The Times West Virginian

West Virginia

November 27, 2012

Lawmakers focus on coal downturn

Number of state miners seeking unemployment benefits has dropped

CHARLESTON — West Virginia officials estimated that joblessness among the state’s coal miners has eased as lawmakers sought favorable signs Monday for the state’s mining industry.

Around 4,740 miners have sought unemployment benefits since Jan. 1, said Russell Fry, acting executive director of WorkForce West Virginia. But about 2,220 of them did not file a claim for benefits within the past month, Fry told the House-Senate Joint Commission on Economic Development.

“These are individuals we would think may have returned to work,” said Fry, whose agency oversees the unemployment program.

Fry also noted that laid-off miners may not file any claims, choosing instead to retire or seek work in another industry.

West Virginia is the nation’s second-biggest coal producer. While mining accounts for just 5 percent of the state’s employments, those jobs tend to pay wages more than one-third higher than the state average. But such factors as cheap natural gas have slowed production in recent months, triggering mine shutdowns and layoffs.

But state Division of Energy Director John Herholdt reminded the lawmakers that American Electric Power recently announced that it did not plan to switch to the cheaper fossil fuel.

“We think the worst is behind us as far as the challenge to electricity production,” Herholdt said.

Herholdt also told the joint panel that the latest estimate has 17 billion tons of recoverable coal in West Virginia.

“We still have adequate coal for a century-plus with today’s mining techniques,” he said. “We continue to make the case to our president and Congress that coal is a viable energy resource, and we need to make sure that our nation takes advantage of this affordable, abundant resource.”

Other speakers addressed economic alternatives for the coalfields if the downturn persists or worsens. One, Bob Brown, cited the ambitious Reconnecting McDowell initiative.

The proposed five-year plan involving private companies, nonprofit groups, government agencies and others seeks to rescue that county’s ailing public schools by addressing such community ills as substandard housing, drug abuse and chronic unemployment.

McDowell was once the heart of the West Virginia coalfields, and nearly 100,000 people lived there in the 1950s when machines began replacing miners. Its population has since dwindled to 22,100. Brown said a major challenge to Reconnecting McDowell has been sufficient training and skills among its working-age adults. Finding people who can pass drugs tests has been another, Brown said.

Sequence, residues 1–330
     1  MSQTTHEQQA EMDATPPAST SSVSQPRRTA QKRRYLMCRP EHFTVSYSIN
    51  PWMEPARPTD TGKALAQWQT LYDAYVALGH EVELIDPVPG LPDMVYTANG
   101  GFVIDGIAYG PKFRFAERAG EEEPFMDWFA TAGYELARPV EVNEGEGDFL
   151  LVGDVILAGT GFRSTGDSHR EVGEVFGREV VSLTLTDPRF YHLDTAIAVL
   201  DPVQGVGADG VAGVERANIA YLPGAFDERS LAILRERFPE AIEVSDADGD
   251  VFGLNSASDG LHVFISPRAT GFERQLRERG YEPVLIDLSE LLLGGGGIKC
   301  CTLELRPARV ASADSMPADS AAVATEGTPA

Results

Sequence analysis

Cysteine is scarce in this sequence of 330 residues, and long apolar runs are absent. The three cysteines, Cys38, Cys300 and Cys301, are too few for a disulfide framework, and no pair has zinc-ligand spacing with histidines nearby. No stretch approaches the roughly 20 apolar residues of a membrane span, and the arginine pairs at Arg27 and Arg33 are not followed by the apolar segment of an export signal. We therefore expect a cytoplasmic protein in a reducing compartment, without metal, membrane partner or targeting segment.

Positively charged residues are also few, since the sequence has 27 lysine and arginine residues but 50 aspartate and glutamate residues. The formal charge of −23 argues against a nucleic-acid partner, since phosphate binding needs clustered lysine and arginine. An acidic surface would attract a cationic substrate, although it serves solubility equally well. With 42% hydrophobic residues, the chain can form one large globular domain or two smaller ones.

1
Text Only
West Virginia
  • Woman convicted in teen’s slaying moved

    A Monongalia County teenager has been transferred to a state prison to complete her sentence for the slaying of another teenager.
    The Lakin Correctional Center near Point Pleasant said Friday Rachel Shoaf has been booked at the Division of Corrections prison. Shoaf turned 18 last month and had been held in a juvenile facility.

    July 26, 2014

  • Board suspends clinic operator’s license

    A West Virginia board Friday suspended the license of the operator of a pain management clinic where investigators found syringes were being reused. It was the second disciplinary action involving the doctor’s license within a decade.

    July 26, 2014

  • Candidates: Leave global warming debate to scientists

    Two West Virginia congressional hopefuls said during their first candidate forum matchup Thursday that the global warming debate is better left to scientists.
    Democrat Nick Casey and Republican Alex Mooney added that other countries should step up in reducing carbon emissions.

    July 24, 2014

  • Lawsuit filed over Dirty Girl Mud Run

    A lawsuit has been filed against the producers of a run that was canceled in Charleston in which participants were told they wouldn’t be issued refunds.

    July 24, 2014

  • WVa. man sues GM over wife's death

    A West Virginia man has filed a lawsuit against General Motors Corp., claiming a defective ignition switch in a Chevrolet Cobalt caused a 2006 accident that killed his pregnant wife.

    July 24, 2014

  • Feds commit to health studies on spilled chemical

    After largely dismissing the possibility of long-term health problems, federal officials will conduct more studies on chemicals that spilled into West Virginia’s largest drinking water supply in January.
    In the next two months, federal health officials are also heading back to West Virginia.

    July 24, 2014

  • Park Service assesses impact of W.Va. attractions

    Four National Park Service attractions in West Virginia drew a total of 1.5 million visitors last year.

    July 23, 2014

  • This weekend's 'Dirty Girl' race canceled

    Organizers of a Charleston running event that was canceled for this weekend says it won’t issue refunds.

    July 23, 2014

  • Reporter heard truck backfiring, not gunshot

    Similar sounds in different circumstances create different reactions. That is so for WVVA reporter Annie Moore, who last Monday told police someone fired a gun at her while she was shooting file footage in the area of a recent murder.

    July 19, 2014

  • Cornhole champions being decided in Charleston

    Cornhole, the strange-sounding game made popular in backyards and at football tailgate parties, is taking on a serious side this week.
    The American Cornhole Organization will crown its world champions as about 380 competitors from 17 states vie for $10,000 in prize money in singles and doubles events.

    July 19, 2014

House Ads
Featured Ads